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F.S.K. (Freiwillige Selbstkontrolle) is an art school band from Munich that formed in 1980 in the editorial office of the underground magazine Mode & Verzweiflung and issued disturbing slogans of a new dissidence like: Wir sagen Ja zur modernen Welt (we say yes to the modern world) and Heute Disco, morgen Umsturz, u¨bermorgen Landpartie (disco today, coup tomorrow, a country outing the day after). The Italian Futurists’ idea to flood Venice was joyfully appealing to them so they made the serious demand to convert theaters into parking garages (Theater zu Parkha¨usern). The futuristic development of so- called noisemakers (a productive modification of the sounds of industrialized cities as well as the completely new war machines of World War I) carried a key moment of deviant pop music into its emerging discourse: clipping, distortion, Bring the Noise.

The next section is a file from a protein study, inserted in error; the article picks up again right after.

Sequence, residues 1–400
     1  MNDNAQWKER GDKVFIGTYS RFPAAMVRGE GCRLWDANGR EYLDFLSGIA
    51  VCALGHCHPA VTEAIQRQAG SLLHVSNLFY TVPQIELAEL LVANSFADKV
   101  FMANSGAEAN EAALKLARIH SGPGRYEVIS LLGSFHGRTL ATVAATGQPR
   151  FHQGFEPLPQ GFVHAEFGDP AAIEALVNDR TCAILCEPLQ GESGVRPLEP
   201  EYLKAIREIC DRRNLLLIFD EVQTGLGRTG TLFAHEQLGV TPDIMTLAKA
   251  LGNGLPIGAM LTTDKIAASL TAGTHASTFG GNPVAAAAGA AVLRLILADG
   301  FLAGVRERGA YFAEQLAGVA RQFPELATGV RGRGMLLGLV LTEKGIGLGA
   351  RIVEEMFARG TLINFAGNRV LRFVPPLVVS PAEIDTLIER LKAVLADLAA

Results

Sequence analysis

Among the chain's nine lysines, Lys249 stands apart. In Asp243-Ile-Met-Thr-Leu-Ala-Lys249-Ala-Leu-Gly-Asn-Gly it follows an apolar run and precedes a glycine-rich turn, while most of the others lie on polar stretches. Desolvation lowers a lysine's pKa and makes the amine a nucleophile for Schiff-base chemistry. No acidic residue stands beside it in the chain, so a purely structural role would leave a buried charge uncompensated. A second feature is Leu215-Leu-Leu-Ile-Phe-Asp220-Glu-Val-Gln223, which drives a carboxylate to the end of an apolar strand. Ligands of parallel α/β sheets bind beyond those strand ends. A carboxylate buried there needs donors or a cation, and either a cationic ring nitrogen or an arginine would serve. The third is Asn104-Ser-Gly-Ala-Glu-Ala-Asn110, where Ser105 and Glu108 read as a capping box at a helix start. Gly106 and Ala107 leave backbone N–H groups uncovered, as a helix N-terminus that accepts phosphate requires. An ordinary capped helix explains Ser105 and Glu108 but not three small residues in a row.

The hedonistic partisanship of the band F.S.K. particularly affected its eclectic zigzags (from post punk to rhythm & blues, country & western to techno soul) and morphed into yet another new, postmodern shape in the 1980s in England (where John Peel was a prominent promoter of F.S.K.) and in the 1990s in the US, where their music faced the transatlantic feedback of the songs of American occupying forces. Back in Germany their music took on more abstract forms that were described as Cubist with the last album Akt, eine Treppe hinabsteigend (nude descending a staircase): aesthetic lines that move from Luigi Russolo and Iannis Xenakis, Sun Ra and Larry Heard to the glitches of the latest bass music. In the traditional lineup of a rock and roll band, today F.S.K. musically executes all of these threads. Their piece Ein Haufen Scheiß und ein zertru¨mmertes Klavier (a pile of crap and a shattered piano) developed for Berlin’s Haus der Kulturen der Welt (HKW) explores productive axes between destruction and deconstruction (paying tribute to Luigi Russolo).